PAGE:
Folks will be able to gather once again to brave the bitter cold while raising funds for Ann Davis Transition Society (ADTS) this year.
The Coldest Night of the Year five-kilometre fundraiser walk is back on Saturday, Feb. 26 and, unlike last year, it’ll be an in-person event.
“The whole purpose of this event is… to be in the homeless’s shoes and experience what it’s like to have to walk around in the dark and be so cold,” said Holly Hohmeier, ADTS executive assistant.
The annual fundraiser takes place across Canada to raise money for charities that help people experiencing homelessness, hurt, and hunger. Here in Chilliwack, money raised locally will be going to ADTS for the second year in a row.
Hohmeier is the main organizer for this year’s event in Chilliwack and said it’s been quite challenging for a few reasons.
News of it going back to an in-person fundraiser came quite recently.
“We had to pivot pretty quickly… but we’re going to make it happen,” Hohmeier said.
There was some unfortunate bad timing for them as well. About a week after she began making phone calls asking for sponsorships, the flooding hit.
So they put things on hold for a while and helped flood victims. They later focussed on Christmas hampers and housing people during the sub-zero cold snap, and then went back to organizing the Coldest Night of the Year fundraiser.
“I think we’ve done OK considering the setbacks we’ve had,” Hohmeier said.
Last year, nearly 200 people participated by walking their own route and $60,000 was raised. The goal is the same for this year, but both Hohmeier and executive director Patti MacAhonic believe funds raised this year will only be about half that of 2021.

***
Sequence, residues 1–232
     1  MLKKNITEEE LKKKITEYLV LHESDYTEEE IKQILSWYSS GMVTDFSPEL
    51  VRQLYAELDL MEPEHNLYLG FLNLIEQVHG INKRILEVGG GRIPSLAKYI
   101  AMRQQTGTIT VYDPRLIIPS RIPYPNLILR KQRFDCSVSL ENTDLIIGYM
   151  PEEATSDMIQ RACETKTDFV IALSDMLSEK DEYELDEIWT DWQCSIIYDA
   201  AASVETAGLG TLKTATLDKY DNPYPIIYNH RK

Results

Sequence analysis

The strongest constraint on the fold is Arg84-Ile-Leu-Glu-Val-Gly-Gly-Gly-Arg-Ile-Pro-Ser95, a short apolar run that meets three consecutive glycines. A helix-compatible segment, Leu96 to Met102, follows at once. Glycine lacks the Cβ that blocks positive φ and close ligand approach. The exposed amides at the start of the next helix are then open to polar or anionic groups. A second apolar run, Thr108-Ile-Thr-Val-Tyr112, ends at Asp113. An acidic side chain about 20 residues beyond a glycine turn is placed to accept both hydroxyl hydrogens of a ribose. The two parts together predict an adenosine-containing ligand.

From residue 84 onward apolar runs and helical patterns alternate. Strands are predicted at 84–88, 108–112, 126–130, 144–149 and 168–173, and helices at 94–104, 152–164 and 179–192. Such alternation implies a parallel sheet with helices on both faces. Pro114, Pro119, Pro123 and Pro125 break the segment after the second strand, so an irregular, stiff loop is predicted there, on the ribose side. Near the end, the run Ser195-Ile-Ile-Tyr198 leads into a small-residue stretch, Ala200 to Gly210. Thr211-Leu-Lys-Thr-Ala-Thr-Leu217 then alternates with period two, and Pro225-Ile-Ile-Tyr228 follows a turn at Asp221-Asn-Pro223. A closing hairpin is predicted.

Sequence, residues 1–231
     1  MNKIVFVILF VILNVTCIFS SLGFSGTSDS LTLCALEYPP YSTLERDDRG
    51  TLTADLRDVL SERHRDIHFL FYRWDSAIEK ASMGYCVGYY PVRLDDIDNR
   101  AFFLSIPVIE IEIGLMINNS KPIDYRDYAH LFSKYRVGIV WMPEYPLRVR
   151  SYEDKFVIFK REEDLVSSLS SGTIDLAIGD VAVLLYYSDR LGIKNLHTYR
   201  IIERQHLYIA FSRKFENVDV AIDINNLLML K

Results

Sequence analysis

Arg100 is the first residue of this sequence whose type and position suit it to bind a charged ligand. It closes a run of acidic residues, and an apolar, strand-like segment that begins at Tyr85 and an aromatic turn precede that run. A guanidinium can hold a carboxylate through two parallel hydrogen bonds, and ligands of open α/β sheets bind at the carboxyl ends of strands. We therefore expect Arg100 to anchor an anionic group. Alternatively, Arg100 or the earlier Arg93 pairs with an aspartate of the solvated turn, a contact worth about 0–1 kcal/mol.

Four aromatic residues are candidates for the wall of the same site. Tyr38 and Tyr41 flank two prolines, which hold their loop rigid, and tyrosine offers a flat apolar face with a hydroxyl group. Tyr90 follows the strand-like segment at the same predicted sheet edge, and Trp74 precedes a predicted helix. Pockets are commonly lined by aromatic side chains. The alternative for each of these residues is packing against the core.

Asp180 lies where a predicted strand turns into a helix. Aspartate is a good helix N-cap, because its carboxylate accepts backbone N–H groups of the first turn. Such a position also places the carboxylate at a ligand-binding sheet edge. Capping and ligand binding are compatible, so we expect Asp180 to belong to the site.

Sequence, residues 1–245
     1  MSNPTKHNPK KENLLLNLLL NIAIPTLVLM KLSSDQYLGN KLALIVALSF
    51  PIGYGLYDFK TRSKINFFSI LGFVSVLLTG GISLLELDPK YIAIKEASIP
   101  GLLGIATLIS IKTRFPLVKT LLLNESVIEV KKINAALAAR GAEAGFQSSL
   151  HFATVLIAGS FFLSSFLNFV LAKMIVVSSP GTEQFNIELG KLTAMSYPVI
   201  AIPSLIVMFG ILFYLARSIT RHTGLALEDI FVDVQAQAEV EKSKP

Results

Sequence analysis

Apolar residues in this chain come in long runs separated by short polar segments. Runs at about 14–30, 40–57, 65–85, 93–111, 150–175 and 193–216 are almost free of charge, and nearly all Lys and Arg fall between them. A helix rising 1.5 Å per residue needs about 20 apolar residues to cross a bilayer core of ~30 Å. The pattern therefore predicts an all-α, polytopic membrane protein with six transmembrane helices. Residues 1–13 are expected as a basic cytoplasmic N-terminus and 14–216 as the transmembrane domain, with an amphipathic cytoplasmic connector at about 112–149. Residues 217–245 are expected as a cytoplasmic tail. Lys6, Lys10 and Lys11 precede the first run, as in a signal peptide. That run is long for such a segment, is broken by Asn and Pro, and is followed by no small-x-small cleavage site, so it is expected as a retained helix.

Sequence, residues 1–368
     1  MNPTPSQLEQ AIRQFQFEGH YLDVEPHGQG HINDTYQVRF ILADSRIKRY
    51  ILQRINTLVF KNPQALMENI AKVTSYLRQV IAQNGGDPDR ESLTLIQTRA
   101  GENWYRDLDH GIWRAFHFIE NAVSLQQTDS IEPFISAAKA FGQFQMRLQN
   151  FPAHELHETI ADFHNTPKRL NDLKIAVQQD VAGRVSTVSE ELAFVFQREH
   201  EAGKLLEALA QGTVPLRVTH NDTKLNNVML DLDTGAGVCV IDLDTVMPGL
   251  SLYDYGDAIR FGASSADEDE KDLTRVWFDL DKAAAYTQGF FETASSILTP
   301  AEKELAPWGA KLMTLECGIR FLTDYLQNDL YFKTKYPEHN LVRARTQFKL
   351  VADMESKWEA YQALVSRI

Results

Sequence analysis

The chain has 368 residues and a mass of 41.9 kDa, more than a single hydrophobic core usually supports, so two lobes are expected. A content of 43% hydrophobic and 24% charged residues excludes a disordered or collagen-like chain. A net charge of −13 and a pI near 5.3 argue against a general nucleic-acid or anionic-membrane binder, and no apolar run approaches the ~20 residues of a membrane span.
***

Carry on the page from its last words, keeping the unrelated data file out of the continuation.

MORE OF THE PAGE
“With the heat dome, second full year of COVID and then the flooding, I think people are just a little bit fatigued and I get it,” MacAhonic said. “But our numbers have gone way up.”
In December, more than 500 people came through the ADTS outreach office on Yale Road.
“It’s so bad out there right now, there’s so much need, so the Coldest Night of the Year is really, really important,” MacAhonic stressed.
The money raised will go to services for clients, gift cards for grocery stores, and “practical supports” such as cheques to help pay for rent, bills and other items.
MacAhonic and Hohmeier spoke about where some of the money has gone in the past.
ADTS gave one family about $400 to pay for a vehicle repair so the husband could continue to drive to work. One woman had a sudden death in her family and she needed money to help pay for funeral costs. Sometimes money goes towards a damage deposit.
Recently, they paid for a young man’s flight so he could go home to Alberta after he lost his job in Surrey. He had walked from Surrey to Abbotsford, and then to Chilliwack. MacAhonic saw him last summer with a shopping cart on Chilliwack Lake Road and she stopped to help him. He mentioned there were other men he met along his journey who encouraged him to do drugs.
“If he would have been left out there for another week, probably one of these older guys would have got him addicted and had him running drugs. It could have been such a different outcome,” MacAhonic said. “But we were able to help.”
And then there’s the story that still makes MacAhonic tear up.
Years ago, a man came in to ADTS to get Christmas gifts for his three daughters. His wife had recently died and his EI cheque hadn’t yet arrived. They sent him home with presents for his girls and some money. The man cried as he thanked ADTS for their help and support.
“Every year he donates back to us,” MacAhonic said.
“This fundraiser, Coldest Night of the Year, fits so well with what we do,” she added.
As of Wednesday, Feb. 16, more than $25,000 had been raised and 124 people had signed up for the event.
This year’s walk is set for Saturday, Feb. 26. It starts at the Ann Davis Transition Society office at 9046 Young Rd. Check-in time is at 4 p.m. and the walk begins at 5:15 p.m. There’s a five-kilometre and two-kilometre route. Coffee and hot chocolate will be handed out mid-route and walkers will get pizza, pop and chips at the end.
To donate, sign up, or for more info, go to CNOY.org/Chilliwack.